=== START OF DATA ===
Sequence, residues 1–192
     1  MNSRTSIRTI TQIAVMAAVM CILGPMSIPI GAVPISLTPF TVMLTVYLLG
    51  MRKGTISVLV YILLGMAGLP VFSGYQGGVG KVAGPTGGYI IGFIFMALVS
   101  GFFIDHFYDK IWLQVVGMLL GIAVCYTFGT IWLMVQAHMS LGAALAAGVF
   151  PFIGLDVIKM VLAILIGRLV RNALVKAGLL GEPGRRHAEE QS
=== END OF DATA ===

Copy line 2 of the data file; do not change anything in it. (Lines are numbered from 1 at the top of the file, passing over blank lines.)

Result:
     1  MNSRTSIRTI TQIAVMAAVM CILGPMSIPI GAVPISLTPF TVMLTVYLLG